It’s ghost season. Ghost ant season, that is. You’ve may have seen them and can identify them because of their unusual coloring and long trails to their nests. Ghost ants are opaque or transparent which makes them, just like a ghost, very difficult to see. They are extremely small and love to live in the tiny cracks and crevices of your home.
Ghost ants are extremely cooperative.
These ants are interesting to learn about because they’ve figured out how to do something humans have not – they get along with each other. Even if they are in a different colony. Ghost ants have multiple queens and are known to create sub-colonies where some reproductive females and broods (larvae, eggs) can relocate to another colony with no infighting for power. It seems that they figured out that working together makes them stronger. Hmm.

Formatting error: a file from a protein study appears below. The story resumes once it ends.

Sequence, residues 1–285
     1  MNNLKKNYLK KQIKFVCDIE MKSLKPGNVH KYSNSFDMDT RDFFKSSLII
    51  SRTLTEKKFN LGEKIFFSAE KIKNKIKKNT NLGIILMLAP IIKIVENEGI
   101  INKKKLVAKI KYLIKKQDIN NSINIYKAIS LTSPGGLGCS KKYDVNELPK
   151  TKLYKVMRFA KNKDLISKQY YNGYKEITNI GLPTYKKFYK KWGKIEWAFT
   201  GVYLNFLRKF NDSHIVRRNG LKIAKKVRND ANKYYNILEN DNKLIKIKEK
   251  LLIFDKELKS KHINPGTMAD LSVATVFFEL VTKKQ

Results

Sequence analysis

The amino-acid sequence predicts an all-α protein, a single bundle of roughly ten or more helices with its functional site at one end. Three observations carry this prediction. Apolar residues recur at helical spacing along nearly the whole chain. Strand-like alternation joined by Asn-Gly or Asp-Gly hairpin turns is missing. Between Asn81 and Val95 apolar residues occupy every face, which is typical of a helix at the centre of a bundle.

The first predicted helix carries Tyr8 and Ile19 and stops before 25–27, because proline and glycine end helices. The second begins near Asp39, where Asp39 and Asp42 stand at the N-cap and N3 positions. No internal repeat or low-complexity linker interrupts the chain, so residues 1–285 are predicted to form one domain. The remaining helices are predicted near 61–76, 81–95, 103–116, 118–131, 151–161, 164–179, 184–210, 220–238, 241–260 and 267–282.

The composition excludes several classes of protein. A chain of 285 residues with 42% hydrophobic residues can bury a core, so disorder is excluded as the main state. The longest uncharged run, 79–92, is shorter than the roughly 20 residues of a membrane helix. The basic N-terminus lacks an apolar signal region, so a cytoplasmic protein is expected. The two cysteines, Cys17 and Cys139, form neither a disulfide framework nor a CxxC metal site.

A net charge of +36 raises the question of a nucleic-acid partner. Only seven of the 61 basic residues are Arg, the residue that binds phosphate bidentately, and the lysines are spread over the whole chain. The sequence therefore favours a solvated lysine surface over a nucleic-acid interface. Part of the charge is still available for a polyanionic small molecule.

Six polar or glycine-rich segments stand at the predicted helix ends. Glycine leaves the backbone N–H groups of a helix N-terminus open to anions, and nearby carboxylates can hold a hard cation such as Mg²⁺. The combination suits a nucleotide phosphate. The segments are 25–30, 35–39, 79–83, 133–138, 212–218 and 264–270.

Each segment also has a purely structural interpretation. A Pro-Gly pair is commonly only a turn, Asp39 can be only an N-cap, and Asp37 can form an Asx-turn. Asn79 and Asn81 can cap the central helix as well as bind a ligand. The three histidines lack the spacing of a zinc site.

They are annoying but not dangerous.
They feast on sweet things, so the best defense is a clean house. Keep sugar, syrup, cakes and all those goodies locked up in airtight containers and wipe down surfaces to remove crumbs. If that doesn’t work, our technicians love to follow ant trails to find the nest and treat at the source. If it’s not possible to do that, we’ll use baiting techniques. These ants can be a bit picky sometimes though and not take the bait, so we may have to try a few different options. Inside, you’ll find ghost ants most commonly in kitchens and bathrooms, on sinks, countertops, and floors. Fun fact – if you crush them, they smell kind of like rotten coconuts.